Red Words, Blue Words this week tested out an interesting computational technique that clusters social media accounts by linguistic similarity, hoping to identify congressional hopefuls who best matched well-known personas from the left and right wings of the current Congress. The analysis, which examined posts from Jan. 1 to July 1, included candidates who have lost their primaries.
We are just starting to use this linguistic algorithm, and it has limitations like any algorithm. We certainly cannot say that the candidate clusters identified by this algorithm are cookie-cutters.
With that disclaimer, which Republican House candidates' words came closest overall to those often used by Greene, one of the most vocal lawmakers in the right-wing "America First" coalition? They were: Cait Corrigan, Liz Joy and Andrew Kyle McCarthy of New York; Joe Kent of Washington; and Noah Malgeri of Nevada. All are self-proclaimed "America First" candidates.
Malgeri, who's called Joe Biden a "fake president," lost his primary. Kent's primary is on Aug. 2 against incumbent GOP Rep. Jaime Herrera Butler, one of a few Republican lawmakers who voted to impeach Donald Trump last year. The New York candidates, who are running for separate seats, have a primary on Aug. 23. Corrigan is running in New York's 1st district, rated as a competitive seat by the Cook Political Report.
What about people who echo Greene, who represents a Georgia district northwest of Atlanta, on specific issues like abortion? For this one topic, we decided to filter down to tweets published since early May, when Justice Samuel Alito's draft decision became public.
Republican House candidate Jameson Ellis of Texas and Republican Senate candidate James P. Bradley of California appeared the most similar to Greene based on the algorithm.
Much of the language that conservatives like Greene are using to discuss abortion on social media invoke religious arguments, and Ellis, who lost his primary challenge to sitting GOP Rep. Dan Crenshaw, made religion central to his campaign.
"If you are pregnant, God made you completely capable to be a mother, and he will provide for you, as you strive in life and become a mother," Greene wrote in late June on Twitter.
Ellis, in a tweet from early May: "life is an unalienable God-given right."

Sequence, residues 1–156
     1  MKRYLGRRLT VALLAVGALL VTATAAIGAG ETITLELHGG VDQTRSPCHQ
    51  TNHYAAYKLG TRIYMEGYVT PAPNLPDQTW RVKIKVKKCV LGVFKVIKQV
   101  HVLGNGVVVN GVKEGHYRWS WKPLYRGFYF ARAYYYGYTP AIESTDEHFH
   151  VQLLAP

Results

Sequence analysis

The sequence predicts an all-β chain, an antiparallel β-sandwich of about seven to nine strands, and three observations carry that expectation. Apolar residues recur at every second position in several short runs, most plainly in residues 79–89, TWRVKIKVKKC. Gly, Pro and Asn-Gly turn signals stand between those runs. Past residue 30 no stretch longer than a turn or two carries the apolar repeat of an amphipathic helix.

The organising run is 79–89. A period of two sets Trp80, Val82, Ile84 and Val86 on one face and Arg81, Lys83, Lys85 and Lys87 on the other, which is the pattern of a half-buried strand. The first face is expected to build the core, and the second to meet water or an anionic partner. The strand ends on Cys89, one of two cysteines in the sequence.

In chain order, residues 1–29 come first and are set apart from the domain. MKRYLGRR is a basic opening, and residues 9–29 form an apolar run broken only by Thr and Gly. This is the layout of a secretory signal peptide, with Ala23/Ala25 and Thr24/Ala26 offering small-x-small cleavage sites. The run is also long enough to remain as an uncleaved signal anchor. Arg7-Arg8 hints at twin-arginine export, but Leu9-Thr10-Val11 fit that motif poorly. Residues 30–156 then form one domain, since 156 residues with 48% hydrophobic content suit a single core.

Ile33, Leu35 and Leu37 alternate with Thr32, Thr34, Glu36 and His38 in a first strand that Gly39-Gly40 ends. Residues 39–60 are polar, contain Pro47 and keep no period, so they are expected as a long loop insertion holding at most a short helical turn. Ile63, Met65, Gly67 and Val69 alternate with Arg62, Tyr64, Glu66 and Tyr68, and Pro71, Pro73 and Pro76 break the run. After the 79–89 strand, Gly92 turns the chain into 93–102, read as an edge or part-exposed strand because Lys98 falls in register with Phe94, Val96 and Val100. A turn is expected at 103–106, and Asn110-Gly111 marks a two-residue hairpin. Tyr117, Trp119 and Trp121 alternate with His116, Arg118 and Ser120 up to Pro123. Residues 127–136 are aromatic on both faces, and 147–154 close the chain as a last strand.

Bradley, the Californian, also lost his primary race.
When we took the same clustering rules used for Greene on abortion and applied them to tweets about immigration, the algorithm produced a much larger cluster of 13 candidates that included other sitting members of Congress. But within this cluster, the four candidates closest to Greene were outsiders: Cory Mills, running for a House seat in Florida; and Senate candidates David McCormick of Pennsylvania, Jim Lamon of Arizona and Donald Bolduc of New Hampshire.
Mills is a veteran who's compared Democrats to the Taliban and Al Qaeda. McCormick is a former hedge fund executive who narrowly lost his primary to television personality Mehmet Oz. Lamon participated in a plan to send alternate electors to Washington, D.C. to certify Trump as the winner, an episode that featured prominently in the recent Jan. 6 committee hearings.
Bolduc, a retired Army general who's in a crowded GOP primary for a shot at challenging Democratic Sen. Maggie Hassan, wrote in a tweet: "As @JoeBiden and @KamalaHarris continue to ignore the crisis unfolding at our Southern Border, I'll continue to be vocal about it. Enough is enough! We must stop letting cartels and human traffickers profit off our open borders, and secure them now!"
The tweet had echoes of Greene's in late May: "Our country is suffering crisis after crisis of human & drug trafficking at our dangerous wide open border."